Writing in Spite of Everything

There are times when outside circumstances cause me to not want to write, and I’m not talking about winter coming, John Snow. They may be priorities of a family or relational crisis, or joys, or a visit. It may be work-related times, or trees flying through our house. A death. Or a celebration. Or even when I ponder our present political oddities. It is exactly in these times when I need to write. Writing gives me focus and sanity when the world around me swirls in confusion and insanity. Whenever I think, “Why bother?” I need to center in on the bigger picture, to see beyond all the confusions and conflicts which can so easily suck me down.

Perhaps your life or thoughts aren’t as twisty as above, but you are a writer who is still not writing for all the many other reasons you can list. Well, stop it! You can always journal. When you use the highly emotional trying or joyful times to jot a few words about that moment, they can someday be used in a story. When a childhood memory is stirred up, grab it, record it, remember with all your senses.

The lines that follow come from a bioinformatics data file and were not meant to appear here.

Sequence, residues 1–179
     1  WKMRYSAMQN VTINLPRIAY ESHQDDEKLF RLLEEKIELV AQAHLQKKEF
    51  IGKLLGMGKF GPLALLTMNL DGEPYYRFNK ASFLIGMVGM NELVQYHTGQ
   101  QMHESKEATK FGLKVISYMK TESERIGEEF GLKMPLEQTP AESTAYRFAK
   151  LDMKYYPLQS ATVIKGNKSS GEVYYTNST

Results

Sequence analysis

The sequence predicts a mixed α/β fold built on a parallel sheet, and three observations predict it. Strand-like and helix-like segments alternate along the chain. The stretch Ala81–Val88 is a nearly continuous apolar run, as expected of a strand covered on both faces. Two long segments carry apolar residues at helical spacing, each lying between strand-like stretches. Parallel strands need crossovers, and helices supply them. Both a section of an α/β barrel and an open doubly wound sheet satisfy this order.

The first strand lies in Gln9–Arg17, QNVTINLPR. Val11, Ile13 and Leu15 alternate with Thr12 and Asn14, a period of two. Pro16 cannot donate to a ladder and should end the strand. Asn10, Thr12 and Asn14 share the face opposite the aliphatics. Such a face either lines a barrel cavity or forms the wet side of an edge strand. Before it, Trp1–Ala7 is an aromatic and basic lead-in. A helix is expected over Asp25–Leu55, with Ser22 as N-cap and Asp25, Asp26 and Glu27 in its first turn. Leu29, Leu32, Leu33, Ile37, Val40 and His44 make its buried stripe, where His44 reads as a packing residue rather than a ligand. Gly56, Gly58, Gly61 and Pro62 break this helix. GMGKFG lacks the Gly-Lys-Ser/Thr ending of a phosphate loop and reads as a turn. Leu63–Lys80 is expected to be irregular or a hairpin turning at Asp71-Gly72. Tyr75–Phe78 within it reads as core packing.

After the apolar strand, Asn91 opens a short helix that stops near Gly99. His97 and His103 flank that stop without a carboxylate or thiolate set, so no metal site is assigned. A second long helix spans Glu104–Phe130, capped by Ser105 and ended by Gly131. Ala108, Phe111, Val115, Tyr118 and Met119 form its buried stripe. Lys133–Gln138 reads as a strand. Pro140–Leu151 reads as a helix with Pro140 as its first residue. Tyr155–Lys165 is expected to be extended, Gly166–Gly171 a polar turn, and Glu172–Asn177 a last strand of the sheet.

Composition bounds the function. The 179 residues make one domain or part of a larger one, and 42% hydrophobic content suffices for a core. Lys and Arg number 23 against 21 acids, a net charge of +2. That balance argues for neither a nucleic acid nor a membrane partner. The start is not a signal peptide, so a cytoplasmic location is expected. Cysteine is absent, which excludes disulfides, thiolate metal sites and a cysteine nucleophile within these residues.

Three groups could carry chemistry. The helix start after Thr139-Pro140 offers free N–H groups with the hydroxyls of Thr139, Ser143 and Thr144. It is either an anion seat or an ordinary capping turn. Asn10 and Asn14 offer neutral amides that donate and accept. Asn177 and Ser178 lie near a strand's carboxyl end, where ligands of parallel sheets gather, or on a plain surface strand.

You cannot blame circumstances for not writing. You must not blame emotional times for not writing. Those are exactly the times when you need to be writing, even if it’s “just” journaling. Writing gives us focus and clears our minds of clutter.

And then there is NaNoWriMo coming up next month. I have not finished the revisions of my one story yet, which was my plan to have done so before NaNoWriMo starts. However, as it’s not the end of the month, and I have talked myself out of all the outside circumstances, my goal has not crashed. I encourage you to do the same. Write (or revise) in spite of everything.

Write Alone, but Don’t be Lonely (the purpose of a critique group)

This past spring, I was at a book signing with several other authors. The woman beside me was part of the local Writer’s Guild and tried to get other authors to join. I asked if they did critiques with one another. Her eyes lit up and drifted off to the left and up before looking back down at me. “Having someone else read over your story first? What a wonderful idea!”